Stretching from the slopes of Mount Kenya to the rim of the Great Rift Valley, the Laikipia Plateau is one of East Africa’s most spectacular natural wildernesses. Rising to 2,000 metres and taking its name from the resident Laikipiak tribe, this plateau is decorated with plains, rolling hills and even forests.

However, last year, Laikipia entered the news for very different reasons. Instability and unrest brought on by drought and pre-election tensions led to several incidents of violence. Unsurprisingly, this has made visitors jittery.

As I arrive in Kenya, questions about safety and security fill my head. I know that I’m being irrational. And, sure enough, as soon as I get to Laikipia, everything is calm and peaceful. I am pleased to see that it is business as usual.

For one thing, I had not realised how big the county is. Covering nearly 9,000 square kilometres, it occupies a huge swathe of northern Kenya. The incidents that blighted Laikipia last year were limited to a tiny part of this huge area.

The green, lush grasses that greet me also demonstrate that the drought is over. It is so good to see that the area has received so much rain after a long time without. The cattle herders are happy, the animals are free to roam and the locals are upbeat. 

My first stop is the famous Lewa Conservancy. This protected area is hillier than the surrounding landscape and is dotted with thicket, swamps and fever trees.

Lewa is renowned for its black rhino conservation, which began with 15 individuals in 1984. Now, it is home to more than 150 black and white rhinos. And in the last three years, not a single rhino has been poached. This a credit to the commitment of their rangers and conservationists.

Over the years, this project has attracted a number of prominent figures. Prince William is known to be a keen supporter and regular visitor, helping with the conservation duties. Lewa is also known for its community work, providing educational facilities for around 6,000 children.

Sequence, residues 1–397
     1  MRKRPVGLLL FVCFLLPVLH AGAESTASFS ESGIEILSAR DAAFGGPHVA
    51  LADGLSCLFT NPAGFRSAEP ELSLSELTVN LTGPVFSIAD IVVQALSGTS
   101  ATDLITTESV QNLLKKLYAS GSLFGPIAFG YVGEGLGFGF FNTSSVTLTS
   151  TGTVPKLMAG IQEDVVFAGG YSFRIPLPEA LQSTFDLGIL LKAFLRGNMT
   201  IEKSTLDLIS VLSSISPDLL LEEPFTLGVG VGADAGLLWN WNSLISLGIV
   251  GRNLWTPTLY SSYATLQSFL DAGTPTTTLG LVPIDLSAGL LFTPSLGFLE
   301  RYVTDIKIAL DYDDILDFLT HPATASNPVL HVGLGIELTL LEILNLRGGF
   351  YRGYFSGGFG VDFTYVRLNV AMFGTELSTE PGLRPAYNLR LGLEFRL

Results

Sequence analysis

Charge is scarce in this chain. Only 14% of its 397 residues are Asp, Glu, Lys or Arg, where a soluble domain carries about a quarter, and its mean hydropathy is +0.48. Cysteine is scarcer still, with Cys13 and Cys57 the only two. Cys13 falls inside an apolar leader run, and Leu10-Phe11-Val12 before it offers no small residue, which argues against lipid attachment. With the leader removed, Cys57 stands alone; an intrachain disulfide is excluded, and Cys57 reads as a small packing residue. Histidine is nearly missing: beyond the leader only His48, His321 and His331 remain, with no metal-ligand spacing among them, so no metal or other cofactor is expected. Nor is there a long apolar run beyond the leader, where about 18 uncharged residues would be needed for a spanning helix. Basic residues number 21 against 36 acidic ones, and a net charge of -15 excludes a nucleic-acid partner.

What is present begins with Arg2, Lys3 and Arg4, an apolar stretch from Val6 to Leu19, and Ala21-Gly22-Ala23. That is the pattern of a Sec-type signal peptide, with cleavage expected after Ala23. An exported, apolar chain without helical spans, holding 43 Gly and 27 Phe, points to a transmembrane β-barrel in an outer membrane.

But it is the wildlife that draws people to Lewa. I set out on a spectacular game drive through the conservancy, spotting black and white rhinos, buffalos, reticulated giraffes, elephants, Grevy’s zebras and numerous bird species.

My home for two nights is the luxurious Kifaru House, with its enchanting views of Mount Kenya. The individual chalets are complete with four-poster beds, whilst two large fireplaces heat the lounge area during the surprisingly cool evenings.

My next stop is the Loisaba Conservancy, in the more rugged north of the county. I am blown away by this conservancy. It is 23,000 hectares of sustainably managed habitat, operated in a way that benefits the local community, allowing people and animals to coexist. The conservancy employs around 200 people from neighbouring communities, whilst it also allows access for pastoralists to graze their cattle.

As an African who was born and raised living close to the wildlife areas, I feel that this model works and I hope that other African countries will adopt it.

Loisaba is also packed with wildlife, especially elephants – more than 800 roam the conservancy. There is an abundance of other species, including lions, wild dogs, leopards and cheetahs, as well as more than 260 bird species.

I stay at Loisaba Starbeds, one of the highlights of my trip. As the name suggests, the camp offers the opportunity to sleep under the stars on roll-out, four-poster beds. The location, on top of a kopje with views over the conservancy, is beautiful.

At night, I hear the sounds of the animals and, in the morning, I awake to the most beautiful sunrise, which illuminates the spectacular Laikipia landscape, looking as peaceful as ever.

Thanks for reading

Jackie Devereux, Botswana

Author: Jackie Devereux